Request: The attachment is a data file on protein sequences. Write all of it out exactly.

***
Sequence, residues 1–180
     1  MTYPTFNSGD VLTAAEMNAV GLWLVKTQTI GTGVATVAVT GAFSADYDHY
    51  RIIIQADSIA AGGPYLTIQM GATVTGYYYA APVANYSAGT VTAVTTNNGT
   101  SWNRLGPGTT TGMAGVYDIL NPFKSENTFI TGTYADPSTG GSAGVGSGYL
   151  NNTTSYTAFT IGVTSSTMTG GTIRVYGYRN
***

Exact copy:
Sequence, residues 1–180
     1  MTYPTFNSGD VLTAAEMNAV GLWLVKTQTI GTGVATVAVT GAFSADYDHY
    51  RIIIQADSIA AGGPYLTIQM GATVTGYYYA APVANYSAGT VTAVTTNNGT
   101  SWNRLGPGTT TGMAGVYDIL NPFKSENTFI TGTYADPSTG GSAGVGSGYL
   151  NNTTSYTAFT IGVTSSTMTG GTIRVYGYRN